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Chapter 15- Test Bias

by: Aimee Castillon

Chapter 15- Test Bias PSYC320

Marketplace > George Mason University > Psychlogy > PSYC320 > Chapter 15 Test Bias
Aimee Castillon
GPA 3.61

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Lecture notes on Chapter 15
Psyc Tests and Measurements
David Ferrier
Class Notes
Psychology, Tests & Measures, chapternotes
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This 4 page Class Notes was uploaded by Aimee Castillon on Thursday May 5, 2016. The Class Notes belongs to PSYC320 at George Mason University taught by David Ferrier in Spring 2016. Since its upload, it has received 10 views. For similar materials see Psyc Tests and Measurements in Psychlogy at George Mason University.


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Date Created: 05/05/16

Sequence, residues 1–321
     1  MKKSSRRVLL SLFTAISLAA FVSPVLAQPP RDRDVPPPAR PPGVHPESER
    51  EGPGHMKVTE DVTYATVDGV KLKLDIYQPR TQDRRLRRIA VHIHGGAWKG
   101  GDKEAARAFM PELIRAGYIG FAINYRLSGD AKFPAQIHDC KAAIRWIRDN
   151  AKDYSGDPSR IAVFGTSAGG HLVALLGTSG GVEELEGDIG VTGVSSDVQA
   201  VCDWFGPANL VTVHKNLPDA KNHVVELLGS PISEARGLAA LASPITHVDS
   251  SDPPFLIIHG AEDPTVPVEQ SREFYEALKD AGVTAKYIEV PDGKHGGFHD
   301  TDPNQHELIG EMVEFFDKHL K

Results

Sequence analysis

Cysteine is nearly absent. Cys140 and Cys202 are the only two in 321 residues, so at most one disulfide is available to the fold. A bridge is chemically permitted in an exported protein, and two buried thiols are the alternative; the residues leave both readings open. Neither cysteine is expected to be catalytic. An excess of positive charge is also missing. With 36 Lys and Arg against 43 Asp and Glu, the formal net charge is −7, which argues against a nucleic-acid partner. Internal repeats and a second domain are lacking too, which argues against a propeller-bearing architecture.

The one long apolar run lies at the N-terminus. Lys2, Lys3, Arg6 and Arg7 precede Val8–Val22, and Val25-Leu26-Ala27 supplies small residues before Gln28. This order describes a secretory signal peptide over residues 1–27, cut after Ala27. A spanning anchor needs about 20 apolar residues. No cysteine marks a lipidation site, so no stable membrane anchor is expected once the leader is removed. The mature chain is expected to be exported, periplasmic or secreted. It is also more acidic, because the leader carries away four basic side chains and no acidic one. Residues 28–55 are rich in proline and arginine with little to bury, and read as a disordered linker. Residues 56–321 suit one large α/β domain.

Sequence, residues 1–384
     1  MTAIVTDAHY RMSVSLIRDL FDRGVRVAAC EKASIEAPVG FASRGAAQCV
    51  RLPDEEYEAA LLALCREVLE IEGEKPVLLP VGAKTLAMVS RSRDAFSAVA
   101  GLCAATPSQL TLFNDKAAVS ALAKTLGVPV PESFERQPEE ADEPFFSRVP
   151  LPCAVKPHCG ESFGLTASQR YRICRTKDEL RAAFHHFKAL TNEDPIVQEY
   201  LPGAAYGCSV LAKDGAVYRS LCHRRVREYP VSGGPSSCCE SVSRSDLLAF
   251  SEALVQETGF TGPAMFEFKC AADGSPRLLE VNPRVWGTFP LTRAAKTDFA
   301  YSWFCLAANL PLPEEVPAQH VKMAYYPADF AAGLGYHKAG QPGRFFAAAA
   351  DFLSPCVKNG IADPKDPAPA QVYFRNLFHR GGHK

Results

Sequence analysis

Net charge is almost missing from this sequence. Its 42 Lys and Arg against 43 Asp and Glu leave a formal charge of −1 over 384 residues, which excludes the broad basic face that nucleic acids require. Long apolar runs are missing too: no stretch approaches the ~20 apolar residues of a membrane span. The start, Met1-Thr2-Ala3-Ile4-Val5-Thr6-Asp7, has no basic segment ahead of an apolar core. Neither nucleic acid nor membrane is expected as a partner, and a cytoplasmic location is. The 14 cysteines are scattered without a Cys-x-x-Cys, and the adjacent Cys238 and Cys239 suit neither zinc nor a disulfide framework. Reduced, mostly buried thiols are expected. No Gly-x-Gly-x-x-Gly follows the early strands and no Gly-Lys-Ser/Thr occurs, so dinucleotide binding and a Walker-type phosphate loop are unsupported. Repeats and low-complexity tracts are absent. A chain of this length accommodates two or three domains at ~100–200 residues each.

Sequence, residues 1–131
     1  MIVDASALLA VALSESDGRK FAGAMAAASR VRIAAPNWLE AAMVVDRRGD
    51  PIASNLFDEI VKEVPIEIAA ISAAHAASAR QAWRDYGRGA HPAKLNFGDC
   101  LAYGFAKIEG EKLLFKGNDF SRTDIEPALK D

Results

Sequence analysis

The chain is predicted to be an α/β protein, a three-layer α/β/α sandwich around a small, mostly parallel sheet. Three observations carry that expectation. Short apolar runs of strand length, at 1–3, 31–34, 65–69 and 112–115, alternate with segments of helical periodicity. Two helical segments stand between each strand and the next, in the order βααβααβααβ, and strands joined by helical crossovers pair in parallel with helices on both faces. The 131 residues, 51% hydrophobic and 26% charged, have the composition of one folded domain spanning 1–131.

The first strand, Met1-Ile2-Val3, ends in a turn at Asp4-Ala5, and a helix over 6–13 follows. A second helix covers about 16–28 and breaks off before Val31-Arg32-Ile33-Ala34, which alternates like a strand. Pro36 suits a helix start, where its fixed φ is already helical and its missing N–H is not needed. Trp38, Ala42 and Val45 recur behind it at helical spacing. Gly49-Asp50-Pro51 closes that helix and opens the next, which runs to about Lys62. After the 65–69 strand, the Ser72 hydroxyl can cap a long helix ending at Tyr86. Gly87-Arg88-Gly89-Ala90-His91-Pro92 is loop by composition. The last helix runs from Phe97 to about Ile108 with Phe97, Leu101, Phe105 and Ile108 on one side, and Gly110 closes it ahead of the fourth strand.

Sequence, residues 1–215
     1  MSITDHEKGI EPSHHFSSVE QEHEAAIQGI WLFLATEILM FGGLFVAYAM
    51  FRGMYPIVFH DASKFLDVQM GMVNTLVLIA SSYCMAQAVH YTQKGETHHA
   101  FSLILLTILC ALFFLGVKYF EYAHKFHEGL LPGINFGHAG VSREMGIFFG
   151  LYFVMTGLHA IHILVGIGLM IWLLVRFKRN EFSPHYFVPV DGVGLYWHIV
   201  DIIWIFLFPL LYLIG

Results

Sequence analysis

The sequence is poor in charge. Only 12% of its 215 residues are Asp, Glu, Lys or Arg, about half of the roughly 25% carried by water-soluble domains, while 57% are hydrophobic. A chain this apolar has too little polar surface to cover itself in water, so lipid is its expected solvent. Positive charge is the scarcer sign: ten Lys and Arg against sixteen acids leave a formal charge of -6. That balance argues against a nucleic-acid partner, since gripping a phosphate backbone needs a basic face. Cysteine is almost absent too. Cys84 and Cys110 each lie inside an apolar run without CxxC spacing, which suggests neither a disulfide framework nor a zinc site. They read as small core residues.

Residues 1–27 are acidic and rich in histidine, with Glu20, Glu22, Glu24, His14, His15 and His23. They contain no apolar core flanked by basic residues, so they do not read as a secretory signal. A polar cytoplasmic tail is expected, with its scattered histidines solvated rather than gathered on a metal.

Intro ­ Cultural Test Bias Hypothesis (CTBH): group differences are the result of test  characteristics and are not the result of actual differences Bias­ systematic influence that distorts measurement or prediction by test scores ­ Biased measurement is one that systematically mis­estimates values Past and Present Concerns ­ The issue of cultural bias has been a major contemporary concern ­ Has become a legal and political issue ­ While objectivity is difficult, scientists should make every attempt to view issues  from the perspective of rational scientific inquiry Controversy Over Bias in Testing ­ Systematic group differences on standardized aptitude tests may occur as a  function of: ­ Socioeconomic level ­ Race or ethnic background ­ Black and white differences ­ Group differences on IQ tests ­ IQ tests show a mean difference  with White groups score 1 SD above Black groups ­ The size of the  difference reduces to 0.5 to 0.7 SD when factoring  demographic variables ­ Mean differences between ethnic groups ­ Not limited to Black­White  comparisons ­ Hispanic­White differences ­ Native Americans tend to perform  lower on tests of verbal intelligence than Whites ­ Asian American groups  ≥  White  groups ­ Other demographic variables ­ Explaining mean group differences ­ Perhaps the theoretical cognitive structures are different between  Black and White groups ­ Thus using the same measure would be  inappropriate ­ Test bias and etiology ­ Controversy over test bias is distinct from the question of etiology ­ Etiology is only relevant once (and if) it has been determined that  mean score differences are real ­ The inference that measured differences indicate  genetic differences is not defensible from a scientific perspective ­ Test bias and fairness ­ Bias and fairness are two separate concepts ­ Fairness­ moral, philosophical, or legal issue on  which reasonable people can disagree ­ Bias­ a statistical property of a test ­ Test bias and offensiveness ­ Test bias ≄ item offensiveness ­ Test developers often use a minority review panel ­ Examine each item for content that may be  offensive or demeaning to one or more groups ­ Test bias and inappropriate test administration and use ­ Controversy over test bias is not about  inappropriate administration and use of mental tests ­ Skilled and sensitive professionals must be aware  of the artificial factors ­ Bias and extraneous factors ­ Resolution of the cultural test bias question will not  resolve the problem of other factors (e.g. emotional and motivational  factors) that impact test scores of individuals from any group ­ Regardless of group differences, it is individuals  who are tested and whose scores may or may not be accurate Cultural Bias and the Nature of Psychological Testing ­ Psychological processes: ­ Are internal to the organism ­ Not subject to direct observation ­ Measurement must be inferred from behavior Objections to the Use of Tests with Minority Students ­ Since 1968, the ABPsi has sought a moratorium on the use of all psychological  and educational tests with students from disadvantaged backgrounds ­ The statements by these organizations assumed that psychological and  educational tests are biased ­ These efforts of spurred test developers and users to create standards and  conduct empirical inquiry into these issues ­ The most frequently stated problems fall into one of the following categories: ­ Inappropriate content ­ Tests are geared primarily toward White middle­ class homes ­ Black and other minority children not exposed to the test content ­ Inappropriate standardization samples ­ Ethnic minorities are underrepresented in  standardization samples ­ Therefore, the tests are unsuitable for use with  minority children ­ Examiner and language bias ­ Predominance of White psychologists who speak  standard English may intimidate ethnic minorities ­ Lower test scores for minorities may reflect only  this intimidation and difficulty in the communication process, not lower  ability ­ Inequitable social consequences ­ Minority group members, are thought to be unable  to learn and are assigned to dead­end educational tracks ­ Labeling effects also fall under this  category ­ Measurement of different constructs ­ Asserts that tests measure different constructs  when used with minorities ­ Thus, they do not measure minority intelligence  validly ­ Differential predictive validity ­ Test usage might result in valid predictions for one  group, but invalid predictions in another ­ Objections to the use of the standard criteria  against which tests are validated with minority cultural groups ­ Qualitatively distinct aptitude and personality ­ Test development should begin with different  definitions for different groups ­ These early actions brought these objections into public and professional  awareness prompting a considerable amount of research ­ Examining tests for potentially biasing factors prior to tests being commercially  available is now much more common The Problem of Definition in Test Bias ­ Bias “is said to arise when deficiencies in a test itself or the manner in which it is  used result in different meanings for scores earned by members of different identifiable  subgroups” ­ Evidence for the validity of test score interpretations can come from sources both internal and external to the test Cultural Loading and Cultural Bias ­ Cultural loading refers to the degree of cultural specificity present in the test ­ Cultural loading and cultural bias are not synonymous terms ­ Test or test item can be culturally loaded without being culturally  biased ­ A number of attempts have been made to develop culture­free intelligence tests ­ However, these are generally psychometrically inadequate Inappropriate Indicators of Bias: Mean Differences and Equivalent Distributions ­ Differences in mean levels of performance on cognitive tests have been taken as evidence of test bias by some ­ However the “mean difference” definition of test bias has been  uniformly rejected Bias in test content ­ A biased test item demonstrates to be more difficult for one group than another  item measuring the same construct when the overall level of performance on the  construct is held constant ­ Empirical techniques are available through Item response theory (IRT) designed  to detect differential item functioning (DIF) ­ Little evidence of bias at the level of the individual item is often found, although  some biased items are common ­ They seldom account for more than 2 to 5% of the variance in  performance Expert Minority Panels ­ Panel of expert minority group members to review all proposed test items ­ Also often able to identify items that contain material that is  offensive Bias in Other Internal Features of Tests ­ Construct measurement bias exists when: ­ A test measures different constructs for one group than another ­ Or, measures the same trait, but with different degrees of  accuracy ­ Factor analysis is useful to evaluate construct measurement bias ­ Factor analysis ­ Consistent factor analytic results across groups  provide evidence that what is being measured by the test is being  measured in the same manner with each group ­ Little evidence of different factor structures across  groups found in research Bias in Prediction ­ Present when errors in prediction are dependent on group membership and  regression lines differ ­ If slope or intercept of regression equations are different between groups, it is  inappropriate to use a regression equation based on combined groups ­ Summary ­ No strong evidence to support contentions of differential or single­ group validity ­ When it does occur, it usually over­predicts for  lower­performing groups (slightly) ­ Unlikely to account for adverse placement or diagnosis